As I walked into Tucson Live Music Space on Saturday night, I looked up, and in front of all the bands I came to see, I was greeted with a very audible "Hey! It's the press!" by the in-house booker. I pulled him aside and whispered, "You probably don't want to say that in front of the bands I came to review." He smiled and replied, "This is DIY!" Those three words said it all, for TLMS proves the very punk ethos of self-reliance. In this all ages venue, community is everything.
Thirty years ago, mohawked morons The Exploited released a song called "Punks [sic] Not Dead." But they were correct; they just had no idea of the implications of what they had said. It turns out that the original idea of punk rock permeates just about every form of independent music there is. You just have to do it yourself. So, whether it was the Grateful Dead-via-Sonic Youth stylings of Little Creatures, the disquieting confessionals of Alli Gato, or the desolate country affectations of Ex-Cowboy, punk turned out to be all-inclusive, where, again, community is everything.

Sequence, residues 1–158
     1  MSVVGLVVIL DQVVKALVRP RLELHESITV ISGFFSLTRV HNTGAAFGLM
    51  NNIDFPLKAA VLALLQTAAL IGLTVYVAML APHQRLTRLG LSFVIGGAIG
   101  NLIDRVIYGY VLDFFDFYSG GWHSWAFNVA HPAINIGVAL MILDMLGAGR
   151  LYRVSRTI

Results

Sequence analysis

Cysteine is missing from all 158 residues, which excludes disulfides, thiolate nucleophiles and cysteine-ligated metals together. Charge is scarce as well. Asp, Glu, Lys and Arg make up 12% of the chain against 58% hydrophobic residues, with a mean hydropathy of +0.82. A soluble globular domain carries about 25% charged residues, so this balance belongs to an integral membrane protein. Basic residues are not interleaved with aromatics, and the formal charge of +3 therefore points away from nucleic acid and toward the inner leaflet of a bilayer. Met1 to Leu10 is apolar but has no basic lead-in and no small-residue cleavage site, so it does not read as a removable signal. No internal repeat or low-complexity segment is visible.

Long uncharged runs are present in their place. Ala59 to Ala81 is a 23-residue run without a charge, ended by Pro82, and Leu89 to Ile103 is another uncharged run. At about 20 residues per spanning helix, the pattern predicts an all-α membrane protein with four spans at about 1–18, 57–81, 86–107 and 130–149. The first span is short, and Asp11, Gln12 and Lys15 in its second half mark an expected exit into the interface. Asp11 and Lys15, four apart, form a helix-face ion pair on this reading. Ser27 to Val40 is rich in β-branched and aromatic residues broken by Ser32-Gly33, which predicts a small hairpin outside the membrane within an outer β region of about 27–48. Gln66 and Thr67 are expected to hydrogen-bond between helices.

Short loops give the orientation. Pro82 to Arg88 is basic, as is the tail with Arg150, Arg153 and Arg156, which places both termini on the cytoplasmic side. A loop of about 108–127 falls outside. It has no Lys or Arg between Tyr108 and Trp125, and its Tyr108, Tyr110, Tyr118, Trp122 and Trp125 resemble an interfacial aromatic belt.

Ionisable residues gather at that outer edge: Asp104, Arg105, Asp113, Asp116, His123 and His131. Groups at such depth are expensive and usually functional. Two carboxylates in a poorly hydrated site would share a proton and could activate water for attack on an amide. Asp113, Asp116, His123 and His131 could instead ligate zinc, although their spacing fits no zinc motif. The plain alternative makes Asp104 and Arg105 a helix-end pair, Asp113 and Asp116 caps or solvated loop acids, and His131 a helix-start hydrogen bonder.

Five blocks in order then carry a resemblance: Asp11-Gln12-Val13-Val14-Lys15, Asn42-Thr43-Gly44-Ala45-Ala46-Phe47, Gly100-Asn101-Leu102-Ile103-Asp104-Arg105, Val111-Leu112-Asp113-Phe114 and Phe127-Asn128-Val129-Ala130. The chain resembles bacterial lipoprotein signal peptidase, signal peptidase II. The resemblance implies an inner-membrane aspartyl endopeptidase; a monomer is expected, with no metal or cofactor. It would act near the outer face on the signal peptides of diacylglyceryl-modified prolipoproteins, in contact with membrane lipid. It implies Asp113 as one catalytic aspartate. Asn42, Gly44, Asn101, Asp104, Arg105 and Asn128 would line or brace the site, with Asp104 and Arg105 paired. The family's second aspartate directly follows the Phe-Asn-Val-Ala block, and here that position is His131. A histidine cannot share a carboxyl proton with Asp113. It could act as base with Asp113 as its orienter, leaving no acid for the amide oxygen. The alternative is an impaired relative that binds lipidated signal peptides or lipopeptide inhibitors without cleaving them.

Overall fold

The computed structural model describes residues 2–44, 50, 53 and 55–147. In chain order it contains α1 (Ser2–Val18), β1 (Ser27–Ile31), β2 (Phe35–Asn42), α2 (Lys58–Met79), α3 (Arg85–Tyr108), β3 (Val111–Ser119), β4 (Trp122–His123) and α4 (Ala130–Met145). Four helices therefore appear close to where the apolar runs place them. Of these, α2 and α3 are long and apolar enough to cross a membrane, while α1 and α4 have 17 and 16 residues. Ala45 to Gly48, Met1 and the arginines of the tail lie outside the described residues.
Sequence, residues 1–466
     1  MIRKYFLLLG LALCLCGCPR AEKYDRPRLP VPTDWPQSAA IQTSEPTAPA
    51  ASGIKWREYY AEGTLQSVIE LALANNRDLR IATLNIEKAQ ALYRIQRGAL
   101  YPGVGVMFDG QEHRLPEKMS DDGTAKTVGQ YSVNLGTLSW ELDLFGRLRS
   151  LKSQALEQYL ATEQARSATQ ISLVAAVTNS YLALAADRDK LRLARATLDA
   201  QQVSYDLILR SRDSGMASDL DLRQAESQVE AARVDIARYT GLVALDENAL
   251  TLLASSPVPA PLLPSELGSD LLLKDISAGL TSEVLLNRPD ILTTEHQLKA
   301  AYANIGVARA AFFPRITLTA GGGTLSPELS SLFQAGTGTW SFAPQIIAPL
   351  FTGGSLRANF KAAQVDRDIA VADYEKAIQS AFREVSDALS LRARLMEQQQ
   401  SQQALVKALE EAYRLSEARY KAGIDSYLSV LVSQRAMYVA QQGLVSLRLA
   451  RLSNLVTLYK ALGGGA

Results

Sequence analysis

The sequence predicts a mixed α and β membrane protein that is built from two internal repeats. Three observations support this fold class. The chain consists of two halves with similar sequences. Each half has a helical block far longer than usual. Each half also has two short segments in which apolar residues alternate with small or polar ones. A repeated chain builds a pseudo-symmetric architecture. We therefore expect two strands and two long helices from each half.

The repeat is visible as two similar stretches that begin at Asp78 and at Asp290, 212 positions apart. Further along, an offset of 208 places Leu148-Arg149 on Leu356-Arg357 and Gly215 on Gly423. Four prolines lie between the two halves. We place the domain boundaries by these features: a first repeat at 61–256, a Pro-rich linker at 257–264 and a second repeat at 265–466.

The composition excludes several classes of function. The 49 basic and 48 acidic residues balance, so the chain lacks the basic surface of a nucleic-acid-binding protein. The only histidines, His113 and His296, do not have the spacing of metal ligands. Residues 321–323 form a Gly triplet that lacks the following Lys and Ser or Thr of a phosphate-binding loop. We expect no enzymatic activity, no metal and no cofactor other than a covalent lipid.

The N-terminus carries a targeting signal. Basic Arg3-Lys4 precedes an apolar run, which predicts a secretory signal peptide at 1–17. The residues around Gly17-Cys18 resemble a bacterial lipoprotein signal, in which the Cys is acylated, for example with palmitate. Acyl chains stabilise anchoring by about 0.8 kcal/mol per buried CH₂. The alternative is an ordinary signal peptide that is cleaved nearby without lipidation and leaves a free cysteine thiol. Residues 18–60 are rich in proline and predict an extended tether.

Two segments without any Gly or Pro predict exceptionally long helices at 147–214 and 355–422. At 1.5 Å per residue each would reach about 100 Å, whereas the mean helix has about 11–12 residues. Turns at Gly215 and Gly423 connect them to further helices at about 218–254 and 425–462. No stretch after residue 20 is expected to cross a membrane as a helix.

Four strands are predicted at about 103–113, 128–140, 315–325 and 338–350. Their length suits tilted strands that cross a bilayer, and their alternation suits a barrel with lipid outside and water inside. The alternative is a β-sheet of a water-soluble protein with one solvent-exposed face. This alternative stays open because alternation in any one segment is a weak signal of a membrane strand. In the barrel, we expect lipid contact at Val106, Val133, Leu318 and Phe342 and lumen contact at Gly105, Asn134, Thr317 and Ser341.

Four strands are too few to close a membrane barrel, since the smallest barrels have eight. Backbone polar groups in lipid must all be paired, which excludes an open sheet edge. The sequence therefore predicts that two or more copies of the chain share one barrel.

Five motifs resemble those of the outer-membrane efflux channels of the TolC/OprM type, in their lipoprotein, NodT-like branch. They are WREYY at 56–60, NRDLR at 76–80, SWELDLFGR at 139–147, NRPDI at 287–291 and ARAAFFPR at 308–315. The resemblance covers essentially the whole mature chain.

Tucson's Little Creatures let the jams run free three minutes at a time, condensing hippie boredom into short blasts of trippy trad-rock. All buildups and breakdowns, alternately hazy and abrasive, Little Creatures' brief songs lingered long after they ended. They may have looked like the Allman Brothers circa 1972, but their primitive musicianship and commitment made everything just fine. A great band in the making.
Hailing from Phoenix, singer-songwriter Alli Gato, whose upcoming album on local label Cat Cassettes is currently being recorded, was a force to be reckoned with. Her graphic and explicit character sketches, set to simple and pretty melodies, were very uncomfortable, but absolutely engrossing. Her songs were so honest and brutally personal; it was like she was reading her diary to the audience. Similar in spirit to John Lennon's post-primal scream therapy solo records, only about 80 decibels quieter, you could whisper over her performance, but nobody did.
Finishing out the night were locals Ex-Cowboy, who brought the volume up a few notches and eased the tension in the room. This quartet played dark Appalachian folk songs, heavy on gloomy textures and high and lonesome Spaghetti Western soundtrack guitar, and they were extraordinary and mysterious.
Three vastly different artists, under one roof and equally appreciated. It was a great night. And community is everything.